Overview of Filial Therapy
Because Filial Therapy incorporates both parents and children, it can be seen as a cross between play and family therapy. Two methods of conducting Filial therapy are most common: group and individual.
With less difficult issues, Landreth's 10-Week Group Filial Therapy model is used (Ryan, 2007). This involves taking a group of parents and training them in the Filial therapy methods and skills. The parent(s) are encouraged to practice in a play session at home, with indirect supervision from the therapist. This occurs over a 10-week period of time. The parent will often videotape the special play time with the child and review the tapes with the therapist. The therapist assists the parent in establishing boundaries, maintaining consistency with the few rules established, and building in encouragement and support for the child's positive interactions.
With moderate levels of difficulty, individual Filial work is conducted over a 20-week period. In the individual sessions, each child has individual sessions with parent(s). The model includes:
- Assessment phase in which family members have initial interviews and give consent to work with the Filial Therapy program.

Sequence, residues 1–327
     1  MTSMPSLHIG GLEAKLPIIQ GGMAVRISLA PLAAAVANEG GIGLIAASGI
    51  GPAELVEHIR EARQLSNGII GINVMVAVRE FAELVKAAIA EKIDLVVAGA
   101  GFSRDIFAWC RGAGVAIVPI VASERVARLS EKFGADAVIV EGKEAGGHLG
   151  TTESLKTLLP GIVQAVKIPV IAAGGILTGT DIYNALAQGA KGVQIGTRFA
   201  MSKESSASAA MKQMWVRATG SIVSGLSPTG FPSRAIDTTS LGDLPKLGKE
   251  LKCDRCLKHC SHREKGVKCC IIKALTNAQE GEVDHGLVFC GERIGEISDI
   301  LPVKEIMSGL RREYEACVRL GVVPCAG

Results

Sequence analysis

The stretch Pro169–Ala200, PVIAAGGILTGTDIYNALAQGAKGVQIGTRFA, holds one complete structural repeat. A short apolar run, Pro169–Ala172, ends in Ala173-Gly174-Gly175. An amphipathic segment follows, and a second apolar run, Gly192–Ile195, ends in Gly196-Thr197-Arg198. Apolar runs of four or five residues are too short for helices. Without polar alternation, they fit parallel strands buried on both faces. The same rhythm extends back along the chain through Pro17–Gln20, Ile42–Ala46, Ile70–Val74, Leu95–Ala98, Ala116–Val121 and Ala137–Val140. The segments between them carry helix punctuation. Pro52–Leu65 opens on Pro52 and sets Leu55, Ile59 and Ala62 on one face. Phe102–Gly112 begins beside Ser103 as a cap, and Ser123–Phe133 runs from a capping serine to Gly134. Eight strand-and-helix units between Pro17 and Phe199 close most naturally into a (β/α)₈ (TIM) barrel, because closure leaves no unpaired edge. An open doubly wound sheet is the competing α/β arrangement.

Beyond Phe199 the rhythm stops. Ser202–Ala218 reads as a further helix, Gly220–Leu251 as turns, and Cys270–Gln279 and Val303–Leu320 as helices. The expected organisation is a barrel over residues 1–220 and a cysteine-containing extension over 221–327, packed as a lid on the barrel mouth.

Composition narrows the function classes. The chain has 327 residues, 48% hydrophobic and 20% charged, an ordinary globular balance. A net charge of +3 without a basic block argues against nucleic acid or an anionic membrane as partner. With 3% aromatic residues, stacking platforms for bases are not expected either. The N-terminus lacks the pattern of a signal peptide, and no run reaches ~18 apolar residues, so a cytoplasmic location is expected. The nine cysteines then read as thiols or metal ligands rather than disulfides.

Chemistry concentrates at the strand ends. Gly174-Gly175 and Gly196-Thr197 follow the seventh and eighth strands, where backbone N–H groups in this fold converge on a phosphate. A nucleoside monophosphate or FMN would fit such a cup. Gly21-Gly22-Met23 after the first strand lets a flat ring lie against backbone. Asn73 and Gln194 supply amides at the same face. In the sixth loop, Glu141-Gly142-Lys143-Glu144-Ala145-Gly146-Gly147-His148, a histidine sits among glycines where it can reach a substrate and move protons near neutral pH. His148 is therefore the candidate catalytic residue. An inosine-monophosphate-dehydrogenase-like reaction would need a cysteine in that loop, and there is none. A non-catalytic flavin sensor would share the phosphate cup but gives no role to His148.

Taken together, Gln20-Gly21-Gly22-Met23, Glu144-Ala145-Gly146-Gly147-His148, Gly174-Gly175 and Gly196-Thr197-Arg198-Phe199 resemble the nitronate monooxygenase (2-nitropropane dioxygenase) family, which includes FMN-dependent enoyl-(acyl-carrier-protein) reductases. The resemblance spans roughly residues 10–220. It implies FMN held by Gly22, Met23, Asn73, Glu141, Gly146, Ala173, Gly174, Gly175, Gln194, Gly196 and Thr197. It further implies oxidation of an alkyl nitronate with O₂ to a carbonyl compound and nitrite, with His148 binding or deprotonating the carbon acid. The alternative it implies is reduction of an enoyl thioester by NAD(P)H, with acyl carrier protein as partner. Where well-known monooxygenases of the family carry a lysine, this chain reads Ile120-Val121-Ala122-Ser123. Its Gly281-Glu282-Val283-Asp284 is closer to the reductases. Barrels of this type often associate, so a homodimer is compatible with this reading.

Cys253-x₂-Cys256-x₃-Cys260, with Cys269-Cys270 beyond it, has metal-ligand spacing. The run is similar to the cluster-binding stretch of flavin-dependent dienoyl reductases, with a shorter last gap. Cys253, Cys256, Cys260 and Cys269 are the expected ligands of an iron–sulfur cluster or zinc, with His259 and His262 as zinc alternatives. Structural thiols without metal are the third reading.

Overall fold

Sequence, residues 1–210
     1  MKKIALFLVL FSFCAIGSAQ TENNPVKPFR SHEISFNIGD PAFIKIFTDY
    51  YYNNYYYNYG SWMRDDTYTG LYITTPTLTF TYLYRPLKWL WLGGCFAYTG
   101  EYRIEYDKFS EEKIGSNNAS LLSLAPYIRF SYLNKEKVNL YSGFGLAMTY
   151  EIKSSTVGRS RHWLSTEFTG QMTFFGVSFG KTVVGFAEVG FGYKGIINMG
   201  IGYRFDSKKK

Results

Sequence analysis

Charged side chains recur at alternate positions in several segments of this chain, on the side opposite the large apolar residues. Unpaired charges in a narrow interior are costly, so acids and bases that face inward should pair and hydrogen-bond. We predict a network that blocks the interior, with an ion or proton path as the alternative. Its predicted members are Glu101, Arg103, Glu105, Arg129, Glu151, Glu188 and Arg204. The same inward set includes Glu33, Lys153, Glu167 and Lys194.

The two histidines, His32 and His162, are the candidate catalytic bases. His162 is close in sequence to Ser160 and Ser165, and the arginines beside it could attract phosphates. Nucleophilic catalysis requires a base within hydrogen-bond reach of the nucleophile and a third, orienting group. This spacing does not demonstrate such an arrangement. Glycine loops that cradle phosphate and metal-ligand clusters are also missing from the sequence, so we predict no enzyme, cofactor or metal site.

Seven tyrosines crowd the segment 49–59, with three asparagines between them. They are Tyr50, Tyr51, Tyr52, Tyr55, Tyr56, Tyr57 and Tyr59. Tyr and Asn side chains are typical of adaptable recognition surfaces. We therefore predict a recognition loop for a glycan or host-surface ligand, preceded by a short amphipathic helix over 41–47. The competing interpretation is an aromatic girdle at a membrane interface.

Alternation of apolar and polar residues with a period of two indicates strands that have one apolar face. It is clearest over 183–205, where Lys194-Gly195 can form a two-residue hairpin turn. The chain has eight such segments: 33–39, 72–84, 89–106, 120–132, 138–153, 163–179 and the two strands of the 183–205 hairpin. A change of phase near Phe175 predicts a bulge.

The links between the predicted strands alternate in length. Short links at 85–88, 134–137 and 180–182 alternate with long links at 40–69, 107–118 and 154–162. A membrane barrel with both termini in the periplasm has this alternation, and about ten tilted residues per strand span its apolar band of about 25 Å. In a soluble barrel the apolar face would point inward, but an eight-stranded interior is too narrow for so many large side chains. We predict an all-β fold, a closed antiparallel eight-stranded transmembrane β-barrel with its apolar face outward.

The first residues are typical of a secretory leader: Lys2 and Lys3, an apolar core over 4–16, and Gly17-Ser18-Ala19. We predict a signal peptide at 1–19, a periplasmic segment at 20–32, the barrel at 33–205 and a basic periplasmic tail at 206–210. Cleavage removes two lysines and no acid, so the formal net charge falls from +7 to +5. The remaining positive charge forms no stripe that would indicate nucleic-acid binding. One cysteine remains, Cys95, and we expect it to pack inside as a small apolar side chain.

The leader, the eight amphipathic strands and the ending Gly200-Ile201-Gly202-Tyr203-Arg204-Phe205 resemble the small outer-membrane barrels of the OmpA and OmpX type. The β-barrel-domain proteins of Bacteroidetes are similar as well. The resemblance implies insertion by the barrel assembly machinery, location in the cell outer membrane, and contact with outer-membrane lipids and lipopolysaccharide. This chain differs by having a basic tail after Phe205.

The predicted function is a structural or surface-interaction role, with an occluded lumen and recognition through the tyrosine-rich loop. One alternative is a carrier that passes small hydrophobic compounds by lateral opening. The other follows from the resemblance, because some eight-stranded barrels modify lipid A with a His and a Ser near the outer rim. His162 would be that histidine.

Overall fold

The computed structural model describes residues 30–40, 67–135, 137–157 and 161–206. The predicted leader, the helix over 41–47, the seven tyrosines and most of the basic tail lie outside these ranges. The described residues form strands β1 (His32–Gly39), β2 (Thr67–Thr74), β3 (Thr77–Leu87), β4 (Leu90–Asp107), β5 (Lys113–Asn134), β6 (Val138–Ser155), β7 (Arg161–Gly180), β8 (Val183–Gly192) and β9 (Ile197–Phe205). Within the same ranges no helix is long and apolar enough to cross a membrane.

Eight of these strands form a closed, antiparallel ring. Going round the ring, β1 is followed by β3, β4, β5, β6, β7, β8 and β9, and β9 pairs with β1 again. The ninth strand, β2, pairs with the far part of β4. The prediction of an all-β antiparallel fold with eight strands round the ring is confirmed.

- Observation of the family in a play session by the filial therapist.
- Demonstration session in which the therapists demonstrates a mock Filial Therapy session for the child/children and parents
- Parent training period lasting usually three sessions in which the therapist demonstrates helpful skills and tools for the parents in order to assist their children through the therapy process
- Six directly supervised play sessions with responses from the therapist (Ryan, 2007). After this last stage, the play sessions are conducted within the home setting and occur less frequently in the office setting.There is a more indirect supervision process for about ten sessions when the therapist is viewing the videotapes with the parents. Throughout the filial therapy process, the therapist provides feedback and helps the parents to generalize and incorporate their new play and parenting skills into everyday life (Ryan, 2007).
Within the Home
One of the indications for using home-based therapy is to help the family who has difficulty generalizing the work done in the office to the home environment. Filial Therapy is a natural process used by the home-based therapist because much of the work of filial therapy occurs in the home. By using this approach, therapists can assess the home environment and the interactions between the parent and child.. This not only allows the therapist to determine whether Filial therapy is the appropriate approach to use with each family, but it also provides the therapist with an "inside look" at the interactions and situations that take place at home. The therapist is able to adjust techniques, skills, and approaches to fit the needs of the family.
Therapists who work in the home may find it easier to do the following things :
- Determine if the participants will respond positively to Filial therapy
- Create a needs assessment
- Assess the home environment
- Assess the family interactions
- Assess the cultural dynamic of the family
- Teach the skills and practice them within the setting in which they will be used